Declining pollinator populations have caused concern about consequences for food production, and have initiated an increasing number of initiatives that aim to mitigate pollinator loss through enhancement of floral resources. Studies evaluating effects of mitigation measures generally demonstrate positive responses of pollinators to floral resource enhancement. However, it remains unclear whether this represents landscape-level population effects or results from a spatial redistribution of individuals from otherwise unaffected populations. Here, we present a method for estimating landscape-level population effects using data from commonly used standardized pollinator transect surveys. The approach links local density responses of pollinators in both mitigation sites and surrounding landscape elements to the area these habitats occupy in mitigation landscapes as well as control landscapes to obtain landscape-level population estimates. We demonstrate the method using data from a 2-year study examining the effects of experimental wildflower enhancements on wild bumblebees and solitary bees in Dutch agricultural landscapes. The results show that conclusions based on local responses may differ significantly from those based on landscape-level responses. Wildflower enhancements significantly enhanced landscape-level abundance of both bumblebees and solitary bees. Bumblebees showed a pronounced positive local density response in mitigation sites and the surrounding landscape that was in line with significant landscape-level increases in abundance. However, solitary bees showed no local response to mitigation sites, and the landscape-level increases in abundance only became apparent when the area of bee habitat was taken into account. Incorporating the area of both newly created and pre-existing pollinator habitats into effect estimates accounts for density-dependent processes such as dilution, spillover and local concentration of individuals. It, therefore, results in more reliable estimates of the response to mitigation measures of pollinators, as well as other mobile arthropod groups that are often being surveyed using transect surveys.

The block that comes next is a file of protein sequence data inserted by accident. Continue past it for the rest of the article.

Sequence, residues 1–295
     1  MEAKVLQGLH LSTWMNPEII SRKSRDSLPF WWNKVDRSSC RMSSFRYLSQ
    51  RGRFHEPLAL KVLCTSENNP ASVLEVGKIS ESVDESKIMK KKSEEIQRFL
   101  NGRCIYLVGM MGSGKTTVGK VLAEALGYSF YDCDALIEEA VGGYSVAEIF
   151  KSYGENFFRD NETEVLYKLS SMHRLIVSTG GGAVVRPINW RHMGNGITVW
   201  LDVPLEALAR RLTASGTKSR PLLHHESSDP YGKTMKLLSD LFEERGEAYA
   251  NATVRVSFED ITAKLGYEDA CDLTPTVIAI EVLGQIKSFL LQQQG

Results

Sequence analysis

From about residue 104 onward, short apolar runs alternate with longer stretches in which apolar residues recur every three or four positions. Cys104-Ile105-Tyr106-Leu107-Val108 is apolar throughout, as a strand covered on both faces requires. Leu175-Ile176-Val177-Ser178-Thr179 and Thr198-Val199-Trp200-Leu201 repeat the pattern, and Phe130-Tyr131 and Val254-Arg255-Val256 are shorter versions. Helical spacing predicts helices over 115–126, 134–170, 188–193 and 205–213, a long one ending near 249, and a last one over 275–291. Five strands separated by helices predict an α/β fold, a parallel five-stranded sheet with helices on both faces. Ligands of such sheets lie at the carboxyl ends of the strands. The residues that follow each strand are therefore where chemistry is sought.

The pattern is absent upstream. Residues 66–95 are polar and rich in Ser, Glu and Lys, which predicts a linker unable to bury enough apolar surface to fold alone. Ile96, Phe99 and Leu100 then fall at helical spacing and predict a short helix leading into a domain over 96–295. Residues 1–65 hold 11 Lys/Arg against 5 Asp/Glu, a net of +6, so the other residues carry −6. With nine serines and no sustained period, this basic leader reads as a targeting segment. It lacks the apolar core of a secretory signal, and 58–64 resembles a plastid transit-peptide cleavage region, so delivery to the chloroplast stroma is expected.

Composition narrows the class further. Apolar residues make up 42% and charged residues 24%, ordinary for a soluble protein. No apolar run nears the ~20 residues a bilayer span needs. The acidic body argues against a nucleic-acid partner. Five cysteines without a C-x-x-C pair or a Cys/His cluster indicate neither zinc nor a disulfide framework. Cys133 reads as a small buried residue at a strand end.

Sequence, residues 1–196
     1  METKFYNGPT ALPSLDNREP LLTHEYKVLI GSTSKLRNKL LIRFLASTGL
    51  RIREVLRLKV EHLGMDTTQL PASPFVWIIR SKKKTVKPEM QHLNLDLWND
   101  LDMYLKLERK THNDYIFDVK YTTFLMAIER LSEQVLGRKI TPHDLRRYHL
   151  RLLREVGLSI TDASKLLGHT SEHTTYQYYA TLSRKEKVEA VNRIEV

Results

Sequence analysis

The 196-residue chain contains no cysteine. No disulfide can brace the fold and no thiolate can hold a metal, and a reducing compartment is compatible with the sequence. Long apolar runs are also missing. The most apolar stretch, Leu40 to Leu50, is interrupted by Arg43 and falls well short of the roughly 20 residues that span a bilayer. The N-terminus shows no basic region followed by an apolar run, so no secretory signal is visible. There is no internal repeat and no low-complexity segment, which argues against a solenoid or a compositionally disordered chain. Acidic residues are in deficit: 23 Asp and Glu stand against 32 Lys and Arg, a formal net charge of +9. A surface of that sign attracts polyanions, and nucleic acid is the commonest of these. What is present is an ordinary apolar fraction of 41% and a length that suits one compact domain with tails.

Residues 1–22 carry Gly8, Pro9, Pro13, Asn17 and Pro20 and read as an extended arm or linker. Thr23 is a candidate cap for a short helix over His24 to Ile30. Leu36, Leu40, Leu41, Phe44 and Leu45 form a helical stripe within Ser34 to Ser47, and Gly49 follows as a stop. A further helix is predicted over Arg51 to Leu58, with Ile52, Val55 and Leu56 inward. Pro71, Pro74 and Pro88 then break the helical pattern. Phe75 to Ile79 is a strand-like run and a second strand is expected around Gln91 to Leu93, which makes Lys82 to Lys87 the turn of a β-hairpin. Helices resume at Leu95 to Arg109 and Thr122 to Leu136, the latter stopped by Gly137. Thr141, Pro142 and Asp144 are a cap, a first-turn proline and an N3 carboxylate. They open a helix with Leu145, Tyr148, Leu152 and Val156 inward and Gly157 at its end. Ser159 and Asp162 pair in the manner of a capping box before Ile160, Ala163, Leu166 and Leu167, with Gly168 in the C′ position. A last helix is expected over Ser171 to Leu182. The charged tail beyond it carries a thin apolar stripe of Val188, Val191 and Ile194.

CRISPR/cas9-mediated mutagenesis of four putative symbiosis genes of the tropical tree parasponia andersonii reveals novel phenotypes
    Zeijl, Arjan Van; Wardhani, Titis A.K. ; Seifi Kalhor, Maryam ; Rutten, Luuk ; Bu, Fengjiao ; Hartog, Marijke ; Linders, Sidney ; Fedorova, Elena E. ; Bisseling, Ton ; Kohlen, Wouter ; Geurts, Rene - \ 2018
    Frontiers in Plant Science 9 (2018). - ISSN 1664-462X
    CRISPR/Cas9 - Nodule - Parasponia andersonii - Rhizobium - Stable transformation - Symbiosis
    Parasponia represents five fast-growing tropical tree species in the Cannabaceae and is the only plant lineage besides legumes that can establish nitrogen-fixing nodules with rhizobium. Comparative analyses between legumes and Parasponia allows identification of conserved genetic networks controlling this symbiosis. However, such studies are hampered due to the absence of powerful reverse genetic tools for Parasponia. Here, we present a fast and efficient protocol for Agrobacterium tumefaciens-mediated transformation and CRISPR/Cas9 mutagenesis of Parasponia andersonii. Using this protocol, knockout mutants are obtained within 3 months. Due to efficient micro-propagation, bi-allelic mutants can be studied in the T0 generation, allowing phenotypic evaluation within 6 months after transformation. We mutated four genes – PanHK4, PanEIN2, PanNSP1, and PanNSP2 – that control cytokinin, ethylene, or strigolactone hormonal networks and that in legumes commit essential symbiotic functions. Knockout mutants in Panhk4 and Panein2 displayed developmental phenotypes, namely reduced procambium activity in Panhk4 and disturbed sex differentiation in Panein2 mutants. The symbiotic phenotypes of Panhk4 and Panein2 mutant lines differ from those in legumes. In contrast, PanNSP1 and PanNSP2 are essential for nodule formation, a phenotype similar as reported for legumes. This indicates a conserved role for these GRAS-type transcriptional regulators in rhizobium symbiosis, illustrating the value of Parasponia trees as a research model for reverse genetic studies.